[I begin by taking off my shoes, for this is holy ground.]

Someone I know and love is dying. At this moment his wife and daughters gather around him as his fierce battle with cancer draws to an end. The veil between heaven and earth becomes nearly transparent, and his eyes fix on the beautiful face of his Redeemer welcoming him home.

For those of us who love him, we wait, we weep, and we pray.

I first met Craig a dozen years ago at a women’s retreat in Colorado. He and his wife spoke that weekend, and they captured me with their love and tenderness. In the years that followed, I began to volunteer for these retreats, and I had the honor of coming to know this precious couple. Their love and tenderness extended to me, and they have blessed me in ways they don’t even know.

As a pastor, teacher, speaker, and writer, Craig has poured into thousands of people, including my husband and me. He plays a significant role in two of my stories. One is an embarrassing moment that has become legendary among my friends. The other is a moment of great disappointment. I’ll share the embarrassing story first since I know Craig loves to laugh (and to make others laugh).

After the retreat each year, the leaders and a small group of others gather for a meal and a time of sharing. For me, an introvert, I enter this evening with a good bit of anxiety, so it was a relief when my friend Leslie began to attend with me. On this particular night we prepared our plates and went to sit on a couch in the large gathering room. Soon Craig joined us on the sofa. When he greeted me, I said the first thing that popped into my head: “Hi Craig. I like your mustache.”

Now, to be fair, it was an admirable mustache; however, I do not know why I said these words. They hung in the air like a speech bubble that I desperately wanted to snatch before it reached his ears. He graciously received my compliment (though I think his brow furrowed quizzically), and then he turned to Leslie. “Tell me about yourself,” he said to her. She responded with something more articulate, interesting, and, well, sane.

“I like your mustache” has become an oft-quoted punchline, and I suspect when I see Craig in heaven it will be the first thing I blurt out. Craig, I’m sorry. I don’t know what’s wrong with me.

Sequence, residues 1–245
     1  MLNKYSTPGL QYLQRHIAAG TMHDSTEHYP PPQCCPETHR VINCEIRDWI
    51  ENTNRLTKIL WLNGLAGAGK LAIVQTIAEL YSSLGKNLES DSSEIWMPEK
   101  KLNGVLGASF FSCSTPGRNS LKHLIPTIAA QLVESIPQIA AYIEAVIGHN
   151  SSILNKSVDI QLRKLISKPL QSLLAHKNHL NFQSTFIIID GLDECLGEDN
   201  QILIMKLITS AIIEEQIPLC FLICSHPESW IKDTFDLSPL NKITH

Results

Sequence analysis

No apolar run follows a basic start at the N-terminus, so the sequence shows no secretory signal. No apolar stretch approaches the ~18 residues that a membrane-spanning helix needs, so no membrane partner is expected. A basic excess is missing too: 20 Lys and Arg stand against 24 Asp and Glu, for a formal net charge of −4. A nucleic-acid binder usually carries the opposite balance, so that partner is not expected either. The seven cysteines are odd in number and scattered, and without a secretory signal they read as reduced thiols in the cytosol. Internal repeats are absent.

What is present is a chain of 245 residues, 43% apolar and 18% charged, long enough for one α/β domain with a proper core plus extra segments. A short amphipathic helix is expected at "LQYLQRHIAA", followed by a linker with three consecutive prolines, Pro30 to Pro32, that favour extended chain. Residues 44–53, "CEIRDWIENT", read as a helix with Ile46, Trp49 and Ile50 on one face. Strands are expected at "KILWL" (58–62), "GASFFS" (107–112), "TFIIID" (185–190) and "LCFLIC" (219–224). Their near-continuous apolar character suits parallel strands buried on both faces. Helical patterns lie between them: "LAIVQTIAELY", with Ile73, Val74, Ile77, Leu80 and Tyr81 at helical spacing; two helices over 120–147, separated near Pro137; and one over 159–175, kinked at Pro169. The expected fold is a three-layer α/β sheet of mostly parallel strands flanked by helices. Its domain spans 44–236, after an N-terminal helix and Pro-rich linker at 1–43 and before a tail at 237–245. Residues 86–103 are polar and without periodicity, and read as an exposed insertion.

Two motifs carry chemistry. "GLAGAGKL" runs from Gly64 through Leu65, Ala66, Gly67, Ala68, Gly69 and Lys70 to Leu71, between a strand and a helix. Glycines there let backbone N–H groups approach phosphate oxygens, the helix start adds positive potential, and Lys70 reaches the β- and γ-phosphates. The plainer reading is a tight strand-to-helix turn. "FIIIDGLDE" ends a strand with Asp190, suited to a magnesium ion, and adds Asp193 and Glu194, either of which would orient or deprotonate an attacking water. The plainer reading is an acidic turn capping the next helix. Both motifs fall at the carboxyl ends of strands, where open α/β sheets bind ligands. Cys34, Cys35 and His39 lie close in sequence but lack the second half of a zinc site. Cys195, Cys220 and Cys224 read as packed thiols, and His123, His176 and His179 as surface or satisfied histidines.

The other story took place four years earlier. In 2009 I applied for a job with the ministry where Craig works. It was a bold move for a shy, stay-at-home mom, and after waiting several weeks, I received a phone call from Craig. I remember hearing his familiar warm voice when I answered, and he gently explained that they had hired someone else for the position. He then took the time to ask for my story, to listen, and to encourage me. My tears didn’t deter him, and I hung up the phone feeling heard, “seen,” and so well loved.

Later that afternoon my doorbell rang, and I opened the door to find a deliveryman with a lovely arrangement of flowers. The attached card held these words from Craig:

resurrection hope

“Beauty helps the waiting. You live well, we’re grateful for you, your heart…your patience.”

Sigh. It was a gesture of extraordinary kindness, and these were words of blessing, affirmation, and hope that I desperately needed. I kept the card, and I’ve come back to Craig’s words many times in the ensuing years. When I read them, I hear his warm, gentle voice speaking over me.

This has been a hard week: one friend buried his father yesterday; another friend said goodbye to her mother today; and all the while, I’ve been thinking of Craig, his wife, and his daughters. Death seems to be all around, stalking us like a persistent black cat, and grief begins to feel a lot like fear. Like the psalmist, I weep and wonder, “Lord, where do I put my hope?”

Then I hear words of resurrection hope, from the pulpit this morning, from Craig’s writing, which I have been revisiting, and from Scripture. In one of his blog posts, Craig writes, “The coming Kingdom will be a wholly other experience with every tear wiped from our eyes and there will no longer be any death, mourning, crying or pain (Revelation 21:3-4)”. The preacher declares it; Craig believes it; and the psalmist rests in it: “My only hope is in you.”

We have resurrection hope that death does not have the final word. Eternal, abundant life is coming, and redemption—the exchange of death for life—is just a breath away. I know that soon Craig will breathe his last breath and experience this beautiful exchange. I imagine that he will be greeted immediately by a voice as warm and gentle as his own, saying, “Welcome, my good and faithful servant. Well done. Enter into the joy of your Lord.”

For the rest of us, “beauty helps the waiting.” As we wait, let’s claim, proclaim, and celebrate resurrection hope by taking off our shoes, turning up the volume, lifting our hands, and singing along…


Susan Tucker spends her days mothering her two teenage sons, teaching middle school English, and savoring rare moments of quiet and solitude. She lives in Knoxville, Tennessee, with her sons and her husband of 21 years. Susan finds life in a beautiful story, an authentic conversation, worship music, and ultimately, in Jesus, the giver of all good gifts.
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